For anyone familiar with Elizabeth Gilbert’s bestselling novel, “Eat, Pray, Love” or at least, have watched the movie adaptation of it starring Julia Roberts –they will probably understand what it means to be experiencing a strong dose of wanderlust.
Wanderlust refers to the idea of pursuing a somewhat bohemian hedonistic lifestyle achieved through the exploration of exotic foreign places. This is certainly very appealing to many stressed individuals living in the current fast-paced interconnected society.
That is why it is unsurprising that the results of a recent survey conducted by a popular travel website, TripAdvisor, showed that there is a surge in the number of women from Southeast Asia willing to go on trips alone or organizing women-only vacations.
In the report titled Women and the World Travel Survey, a survey of over 600 women from Southeast Asia, it is heartening to note that more women are willing to embrace independent trips and to note the fact that 75% of them reported to be feeling more satisfied with their life and gaining greater awareness of the world through travel.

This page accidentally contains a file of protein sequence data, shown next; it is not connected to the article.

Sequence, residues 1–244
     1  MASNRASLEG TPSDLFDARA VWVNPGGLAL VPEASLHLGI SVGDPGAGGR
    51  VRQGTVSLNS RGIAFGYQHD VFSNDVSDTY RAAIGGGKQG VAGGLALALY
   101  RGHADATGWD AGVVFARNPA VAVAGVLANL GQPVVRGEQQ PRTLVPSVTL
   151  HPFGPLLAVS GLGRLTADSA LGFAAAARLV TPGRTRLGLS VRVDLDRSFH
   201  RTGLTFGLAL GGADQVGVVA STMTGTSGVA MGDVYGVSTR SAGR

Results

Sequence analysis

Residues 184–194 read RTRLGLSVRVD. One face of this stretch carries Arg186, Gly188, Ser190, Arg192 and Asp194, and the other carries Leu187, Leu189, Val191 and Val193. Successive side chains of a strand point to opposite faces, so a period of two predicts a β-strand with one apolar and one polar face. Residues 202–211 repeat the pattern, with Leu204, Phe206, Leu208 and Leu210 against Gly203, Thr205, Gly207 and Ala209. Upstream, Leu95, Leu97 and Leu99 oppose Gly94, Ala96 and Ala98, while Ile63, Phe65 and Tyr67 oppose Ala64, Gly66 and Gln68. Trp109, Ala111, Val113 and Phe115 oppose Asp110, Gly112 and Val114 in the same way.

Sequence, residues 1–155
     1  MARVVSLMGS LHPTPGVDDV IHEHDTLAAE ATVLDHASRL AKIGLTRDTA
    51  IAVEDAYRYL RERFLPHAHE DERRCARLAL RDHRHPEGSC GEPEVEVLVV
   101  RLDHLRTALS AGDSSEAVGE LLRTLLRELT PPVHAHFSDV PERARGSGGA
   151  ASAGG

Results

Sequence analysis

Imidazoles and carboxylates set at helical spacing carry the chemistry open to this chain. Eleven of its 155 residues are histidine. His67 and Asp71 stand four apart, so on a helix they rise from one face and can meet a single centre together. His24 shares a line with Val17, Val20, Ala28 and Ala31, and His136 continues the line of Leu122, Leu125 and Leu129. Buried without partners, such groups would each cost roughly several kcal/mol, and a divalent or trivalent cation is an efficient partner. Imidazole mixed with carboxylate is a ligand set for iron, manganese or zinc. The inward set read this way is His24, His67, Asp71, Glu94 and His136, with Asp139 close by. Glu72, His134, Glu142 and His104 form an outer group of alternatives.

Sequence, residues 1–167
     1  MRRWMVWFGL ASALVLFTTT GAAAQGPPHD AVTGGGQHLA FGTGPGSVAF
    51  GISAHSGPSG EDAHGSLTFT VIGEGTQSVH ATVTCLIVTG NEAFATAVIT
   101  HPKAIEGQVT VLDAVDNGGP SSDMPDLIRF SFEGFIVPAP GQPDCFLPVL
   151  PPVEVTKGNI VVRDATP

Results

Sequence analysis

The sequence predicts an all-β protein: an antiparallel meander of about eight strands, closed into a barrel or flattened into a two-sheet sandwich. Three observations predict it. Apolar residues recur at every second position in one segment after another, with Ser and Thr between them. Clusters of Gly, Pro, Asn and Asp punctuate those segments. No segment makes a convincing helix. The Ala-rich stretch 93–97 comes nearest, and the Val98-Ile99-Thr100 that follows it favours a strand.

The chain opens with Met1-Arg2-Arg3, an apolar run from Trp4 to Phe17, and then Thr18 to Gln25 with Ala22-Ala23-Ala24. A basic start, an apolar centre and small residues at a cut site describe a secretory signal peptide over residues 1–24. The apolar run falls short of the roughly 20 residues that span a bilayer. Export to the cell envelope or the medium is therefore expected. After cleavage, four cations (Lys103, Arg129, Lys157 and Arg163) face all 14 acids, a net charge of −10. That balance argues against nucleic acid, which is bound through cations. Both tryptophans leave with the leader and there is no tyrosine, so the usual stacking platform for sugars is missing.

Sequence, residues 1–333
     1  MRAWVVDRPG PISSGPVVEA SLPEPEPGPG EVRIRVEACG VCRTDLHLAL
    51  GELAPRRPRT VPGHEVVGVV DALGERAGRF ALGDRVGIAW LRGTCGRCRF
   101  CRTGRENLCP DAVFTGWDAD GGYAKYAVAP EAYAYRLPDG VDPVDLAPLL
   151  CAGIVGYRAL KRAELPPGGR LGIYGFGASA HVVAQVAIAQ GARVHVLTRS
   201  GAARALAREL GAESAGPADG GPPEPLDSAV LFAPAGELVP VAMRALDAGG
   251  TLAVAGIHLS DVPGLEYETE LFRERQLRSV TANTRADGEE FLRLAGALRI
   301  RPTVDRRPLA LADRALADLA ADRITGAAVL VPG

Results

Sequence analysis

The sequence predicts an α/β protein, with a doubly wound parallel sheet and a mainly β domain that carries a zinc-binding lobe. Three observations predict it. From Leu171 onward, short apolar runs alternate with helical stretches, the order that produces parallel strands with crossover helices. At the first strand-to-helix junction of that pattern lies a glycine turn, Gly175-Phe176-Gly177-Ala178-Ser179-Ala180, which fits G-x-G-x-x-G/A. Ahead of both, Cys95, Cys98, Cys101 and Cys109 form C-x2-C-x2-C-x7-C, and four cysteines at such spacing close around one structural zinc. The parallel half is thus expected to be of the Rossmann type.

The survey also found that one in three women travel alone for leisure, while two in five women go on leisure trips with other women. This implies that the tourism market could possibly expand even more should they tailor and target to the needs and supply of the female consumers.
For me, travelling has always been a luxury as much as it is a learning opportunity.
One becomes more open to the kindness of strangers, experiences this sense of heightened sensitivity to our surroundings and gaining fulfillment just from the simplest of movements. We observe what we forget in our daily lives and rediscover what it means to be fully alive.
I remember the last time I travelled – incidentally with two female companions as well, I experienced Hualien, Taiwan, with the wide eyed wonder of a child. Inspired by Jack Keroauc’s “On the Road” (the masculine alternative to “Eat Pray Love” by the way), I recalled how I painstakingly saved up for the trip but I never once regretted a single penny which was spent on it.
On your journey, there is a sense of adventure even in the slightest bit of interaction. You are not a wife or a mother, or someone else’s daughter – you are a traveler of the world.